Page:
Viking ‘Thor’s Hammer’ discovered in Iceland

An extremely rare Viking ‘Thor’s Hammer’ amulet has been discovered in Iceland.

In a Facebook post, archaeologists explained that the sandstone amulet was found at a site in Þjórsárdalur, southern Iceland.

A local resident directed archaeologists to the site, according to the previously unexplored site, according to Iceland Magazine. The amulet, which is worn around the neck, is the first sandstone ‘Thor’s Hammer’ discovered in Iceland.

VIKING TREASURES DISCOVERED: 'THOR'S HAMMER' AMONG SILVER HAUL FOUND ON BALTIC ISLAND

Citing broadcaster RUV, Iceland Review reports that the site was once a Viking-era farmstead.

The sandstone 'Thor's Hammer' amulet was discovered at the site of Viking farmstead in Southern Iceland.

The sandstone 'Thor's Hammer' amulet was discovered at the site of Viking farmstead in Southern Iceland. (Fornleifastofnun Islands)

In addition to the amulet, other items found at the site include a “whet,” which is used for sharpening blades, an iron pick and a buckle, according to Iceland Magazine.

Earlier this year, a silver “Thor’s Hammer” was discovered among an incredible trove of silver treasure on an island in the Baltic Sea. Hundreds of 1,000-year-old silver coins, rings, pearls and bracelets were found on the German island of Ruegen, according to Ostsee-Zeitung.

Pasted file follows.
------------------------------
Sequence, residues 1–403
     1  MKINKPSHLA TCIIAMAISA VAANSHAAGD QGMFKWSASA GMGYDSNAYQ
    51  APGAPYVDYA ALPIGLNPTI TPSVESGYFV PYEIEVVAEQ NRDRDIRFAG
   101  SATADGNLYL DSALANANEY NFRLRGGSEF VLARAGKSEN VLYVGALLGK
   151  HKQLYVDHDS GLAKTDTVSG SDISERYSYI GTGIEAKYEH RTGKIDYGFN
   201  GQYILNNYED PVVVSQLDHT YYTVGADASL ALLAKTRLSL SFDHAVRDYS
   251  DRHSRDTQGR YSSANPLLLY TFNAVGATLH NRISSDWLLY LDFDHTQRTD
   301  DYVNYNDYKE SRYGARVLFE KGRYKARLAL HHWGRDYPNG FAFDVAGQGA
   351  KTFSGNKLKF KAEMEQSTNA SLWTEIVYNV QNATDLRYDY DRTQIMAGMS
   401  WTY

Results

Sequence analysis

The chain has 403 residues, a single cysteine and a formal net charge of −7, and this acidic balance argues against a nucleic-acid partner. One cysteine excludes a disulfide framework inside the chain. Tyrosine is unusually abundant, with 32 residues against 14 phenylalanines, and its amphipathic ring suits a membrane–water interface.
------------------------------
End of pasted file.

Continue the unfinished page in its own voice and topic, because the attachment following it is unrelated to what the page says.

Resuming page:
VIKING LONGSHIP DISCOVERY THRILLS ARCHAEOLOGISTS

The Icelandic “Thor’s Hammer” is just the latest fascinating archaeological find from the Viking era. Archaeologists in Norway recently used ground-penetrating radar technology to discover an extremely rare Viking longship in what experts are describing as a “sensational” find.

The Viking-era buckle.

The Viking-era buckle.

In Sweden, an 8-year-old girl recently discovered a 1,500-year-old Viking sword in a lake.

A “treasure trove” of ancient artifacts has also been uncovered at a fort in Scotland that archaeologists believe was razed to the ground by Vikings.

TINY VIKING CRUCIFIX COULD REWRITE HISTORY

File photo - Men dressed as vikings stand in front of a 40 foot-long Viking longship as it is burned on Calton Hill in Edinburgh as the launch pad for the city's Hogmanay (New Year) celebrations December 29, 2004.

File photo - Men dressed as vikings stand in front of a 40 foot-long Viking longship as it is burned on Calton Hill in Edinburgh as the launch pad for the city's Hogmanay (New Year) celebrations December 29, 2004. (REUTERS/Jeff J Mitchell)

Last year, an incredibly well-preserved Viking sword was found by a reindeer hunter on a remote mountain in Southern Norway. In 2016, archaeologists in Trondheim, Norway, uncovered the church where Viking King Olaf Haraldsson was first enshrined as a saint.

Also, in 2016, a tiny Viking crucifix was found in Denmark.

Fox News’ Bradford Betz contributed to this article. Follow James Rogers on Twitter @jamesjrogers